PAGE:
Vertical SaaS Platforms are the New Community Banks

Community banks have long been the fuel powering America’s small business engine. While these financial institutions offer many of the same services as larger commercial banks such as checking accounts, credit cards, and business loans, they differentiate themselves by only serving SMB customers in a limited geographic area.

Research suggests that community banks are able to form a stronger relationship with their SMB customers compared to larger commercial banks because they are better equipped to underwrite loans and other financial products on the basis of “soft information.” Unlike “hard information,” which can easily be reduced to numbers and simplifies comparison across businesses, soft information is highly context dependent and more difficult to quantify. This can include information such as the prior work history of a SMB owner, their business plan, or the general business environment in a small town.

Soft information is difficult for large commercial banks to process efficiently, which makes them reluctant to extend credit to SMBs that lack sufficient hard information about their business. But over the past decade, the rise of vertical SaaS has helped millions of SMBs digitize their workflows and provided them with an abundance of hard information about their business. These SMBs and their vertical SaaS providers now have unprecedented access to data about their customers, employees, and suppliers that would typically be needed to access loans and other financial products from large banks.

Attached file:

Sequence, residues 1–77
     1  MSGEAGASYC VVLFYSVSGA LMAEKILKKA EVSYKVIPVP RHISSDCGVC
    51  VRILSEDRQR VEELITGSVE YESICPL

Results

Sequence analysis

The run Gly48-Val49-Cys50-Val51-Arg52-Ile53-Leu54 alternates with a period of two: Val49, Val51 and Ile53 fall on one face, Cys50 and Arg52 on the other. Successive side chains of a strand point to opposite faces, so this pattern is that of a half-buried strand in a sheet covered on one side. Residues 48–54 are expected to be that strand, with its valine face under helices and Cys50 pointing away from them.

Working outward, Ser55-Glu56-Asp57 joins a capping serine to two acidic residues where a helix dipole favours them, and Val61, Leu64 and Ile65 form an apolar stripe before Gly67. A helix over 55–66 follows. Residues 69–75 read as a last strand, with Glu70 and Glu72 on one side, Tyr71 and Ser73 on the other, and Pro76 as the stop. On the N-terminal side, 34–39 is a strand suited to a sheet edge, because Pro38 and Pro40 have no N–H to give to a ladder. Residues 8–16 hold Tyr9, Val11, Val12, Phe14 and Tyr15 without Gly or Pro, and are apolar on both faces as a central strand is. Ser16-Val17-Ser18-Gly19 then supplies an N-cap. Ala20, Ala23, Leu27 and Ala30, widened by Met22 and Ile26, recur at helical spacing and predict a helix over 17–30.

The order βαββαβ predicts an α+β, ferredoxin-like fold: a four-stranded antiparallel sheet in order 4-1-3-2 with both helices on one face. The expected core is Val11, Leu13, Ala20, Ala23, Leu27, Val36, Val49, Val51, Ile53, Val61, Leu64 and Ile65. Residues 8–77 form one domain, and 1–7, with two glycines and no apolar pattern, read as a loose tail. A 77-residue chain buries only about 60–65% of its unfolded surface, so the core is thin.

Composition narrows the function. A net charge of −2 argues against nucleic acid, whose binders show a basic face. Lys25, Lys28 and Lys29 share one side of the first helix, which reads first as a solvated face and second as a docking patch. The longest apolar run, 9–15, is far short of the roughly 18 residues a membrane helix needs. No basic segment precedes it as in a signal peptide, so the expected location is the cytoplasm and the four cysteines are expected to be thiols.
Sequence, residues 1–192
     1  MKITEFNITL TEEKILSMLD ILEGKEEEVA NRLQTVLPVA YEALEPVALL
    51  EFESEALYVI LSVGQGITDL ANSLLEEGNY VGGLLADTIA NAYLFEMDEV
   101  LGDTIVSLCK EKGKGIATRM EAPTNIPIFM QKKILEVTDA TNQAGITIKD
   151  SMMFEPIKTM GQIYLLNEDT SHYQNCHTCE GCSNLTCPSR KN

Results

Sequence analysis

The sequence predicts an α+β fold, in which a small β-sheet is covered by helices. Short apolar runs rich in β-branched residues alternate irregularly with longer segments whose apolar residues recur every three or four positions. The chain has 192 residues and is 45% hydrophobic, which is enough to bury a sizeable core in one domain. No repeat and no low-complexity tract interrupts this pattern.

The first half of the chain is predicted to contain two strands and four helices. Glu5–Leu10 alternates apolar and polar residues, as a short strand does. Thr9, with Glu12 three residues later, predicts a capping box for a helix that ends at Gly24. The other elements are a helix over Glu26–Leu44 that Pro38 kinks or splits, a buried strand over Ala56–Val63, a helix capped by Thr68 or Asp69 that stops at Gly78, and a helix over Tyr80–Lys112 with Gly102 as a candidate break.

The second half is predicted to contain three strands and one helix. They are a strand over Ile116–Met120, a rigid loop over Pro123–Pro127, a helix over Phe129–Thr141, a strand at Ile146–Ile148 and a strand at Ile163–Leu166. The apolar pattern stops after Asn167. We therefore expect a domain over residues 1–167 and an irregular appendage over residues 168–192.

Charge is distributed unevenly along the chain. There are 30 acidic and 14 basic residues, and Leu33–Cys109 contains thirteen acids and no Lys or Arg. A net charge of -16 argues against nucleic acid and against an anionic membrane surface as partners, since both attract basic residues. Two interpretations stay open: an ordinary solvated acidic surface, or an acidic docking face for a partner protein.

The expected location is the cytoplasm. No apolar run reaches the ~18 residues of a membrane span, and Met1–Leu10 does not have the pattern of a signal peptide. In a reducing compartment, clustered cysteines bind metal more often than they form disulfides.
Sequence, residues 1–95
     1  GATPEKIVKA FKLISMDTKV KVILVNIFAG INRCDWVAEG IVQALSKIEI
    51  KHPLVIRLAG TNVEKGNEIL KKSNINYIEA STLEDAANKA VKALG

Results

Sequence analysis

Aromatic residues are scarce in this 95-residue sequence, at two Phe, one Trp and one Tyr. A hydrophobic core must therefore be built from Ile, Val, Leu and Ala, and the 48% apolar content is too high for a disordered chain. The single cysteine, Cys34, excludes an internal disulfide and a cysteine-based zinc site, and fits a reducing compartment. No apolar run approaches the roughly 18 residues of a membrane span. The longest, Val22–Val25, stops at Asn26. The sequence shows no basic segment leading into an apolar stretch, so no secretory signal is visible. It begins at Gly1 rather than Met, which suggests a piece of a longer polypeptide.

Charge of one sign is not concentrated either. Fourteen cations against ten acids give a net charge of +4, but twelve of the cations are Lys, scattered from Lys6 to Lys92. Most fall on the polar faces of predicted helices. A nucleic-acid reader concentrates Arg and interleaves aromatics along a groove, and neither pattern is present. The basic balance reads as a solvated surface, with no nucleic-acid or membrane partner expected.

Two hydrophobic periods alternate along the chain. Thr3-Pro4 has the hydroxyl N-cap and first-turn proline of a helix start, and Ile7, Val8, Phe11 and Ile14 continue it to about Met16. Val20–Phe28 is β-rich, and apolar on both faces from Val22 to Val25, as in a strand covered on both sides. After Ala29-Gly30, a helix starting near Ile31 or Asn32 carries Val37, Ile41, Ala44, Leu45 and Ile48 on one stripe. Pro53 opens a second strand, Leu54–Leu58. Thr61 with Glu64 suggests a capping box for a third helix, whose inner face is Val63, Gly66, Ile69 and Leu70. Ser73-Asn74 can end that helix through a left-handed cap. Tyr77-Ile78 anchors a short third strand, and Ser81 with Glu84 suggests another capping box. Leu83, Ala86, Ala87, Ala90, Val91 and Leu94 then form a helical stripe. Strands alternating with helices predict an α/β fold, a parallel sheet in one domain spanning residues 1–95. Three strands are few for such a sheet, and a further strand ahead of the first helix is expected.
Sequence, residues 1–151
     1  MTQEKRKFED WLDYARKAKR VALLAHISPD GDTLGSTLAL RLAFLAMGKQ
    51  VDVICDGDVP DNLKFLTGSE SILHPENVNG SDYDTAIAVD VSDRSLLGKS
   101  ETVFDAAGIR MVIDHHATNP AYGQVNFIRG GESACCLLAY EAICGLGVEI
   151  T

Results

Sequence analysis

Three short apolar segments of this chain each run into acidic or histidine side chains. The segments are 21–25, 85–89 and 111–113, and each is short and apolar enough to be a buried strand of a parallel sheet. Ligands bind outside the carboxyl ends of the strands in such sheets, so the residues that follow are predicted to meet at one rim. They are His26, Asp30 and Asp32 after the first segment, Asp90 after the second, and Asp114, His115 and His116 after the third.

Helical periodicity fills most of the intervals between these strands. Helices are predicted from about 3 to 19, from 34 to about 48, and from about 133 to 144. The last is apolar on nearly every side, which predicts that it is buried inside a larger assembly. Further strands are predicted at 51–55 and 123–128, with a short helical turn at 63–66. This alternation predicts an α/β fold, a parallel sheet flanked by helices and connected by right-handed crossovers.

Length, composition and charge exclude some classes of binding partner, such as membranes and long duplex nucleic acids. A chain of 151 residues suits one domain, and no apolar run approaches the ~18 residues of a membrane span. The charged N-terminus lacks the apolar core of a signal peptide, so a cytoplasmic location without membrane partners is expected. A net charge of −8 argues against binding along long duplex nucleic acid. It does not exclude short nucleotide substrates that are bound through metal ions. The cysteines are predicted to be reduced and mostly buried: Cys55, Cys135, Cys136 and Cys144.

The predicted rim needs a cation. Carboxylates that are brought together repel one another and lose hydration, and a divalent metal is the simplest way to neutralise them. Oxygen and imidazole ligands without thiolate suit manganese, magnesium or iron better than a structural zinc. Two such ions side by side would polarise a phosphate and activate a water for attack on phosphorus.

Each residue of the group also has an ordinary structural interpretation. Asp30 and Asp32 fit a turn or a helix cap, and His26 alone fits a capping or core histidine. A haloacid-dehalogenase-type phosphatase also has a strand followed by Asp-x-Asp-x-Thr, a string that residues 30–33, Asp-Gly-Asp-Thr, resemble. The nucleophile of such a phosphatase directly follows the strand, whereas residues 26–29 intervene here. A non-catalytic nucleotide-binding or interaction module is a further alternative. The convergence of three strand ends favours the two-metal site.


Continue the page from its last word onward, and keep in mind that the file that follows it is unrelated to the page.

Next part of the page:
The digitization of SMB workflows laid the foundation for vertical SaaS providers to begin offering financial products and services directly to their customers. Because of their direct access to their SMB customers’ workflow data, vertical SaaS platforms are able to offer the speed and low costs associated with large commercial banks and the strong customer relationships offered by community banks. The only thing that was missing was the technology to enable vertical SaaS platforms to provide financial services to their customers.

Enter the payment facilitator model. Rather than each SMB opening its own merchant account with a bank, payment facilitators — or payfacs — aggregated many SMB accounts under their own merchant account with the bank. The time it took for SMBs to open a merchant account and begin accepting payments dropped from weeks to a few hours.

In recent years vertical SaaS companies such as Toast have opted to bypass third party payfacs like Square or PayPal and become payfacs themselves. While it is still a time consuming process for a vertical SaaS company to become a payfac, this is quickly becoming easier thanks to companies like Finix and Payrix that offer turnkey payfac solutions for vertical SaaS providers. Now vertical SaaS companies can easily offer their SMB customers a tailored payments solution on a single platform and SMBs can accept payments without ever interacting with a bank or third party payfac.

The payfac model created an opening for vertical SaaS platforms in the banking ecosystem, but it was just the beginning. Today, this model is being replicated for a variety of financial products and services including banking mainstays such as card issuance and lending. By integrating these financial services directly into their software platform, vertical SaaS providers are able to offer their SMB customers a faster, cheaper, and more comprehensive banking experience that is underwritten by hard information generated when the SMB interacts with the software.

The fintech revolution has fundamentally changed vertical SaaS and its impact on the wider SMB ecosystem cannot be overstated. If recent experience is any guide, it seems increasingly likely that in the future many SMBs will forego banks entirely and conduct all of their financial transactions in their core workflow software.

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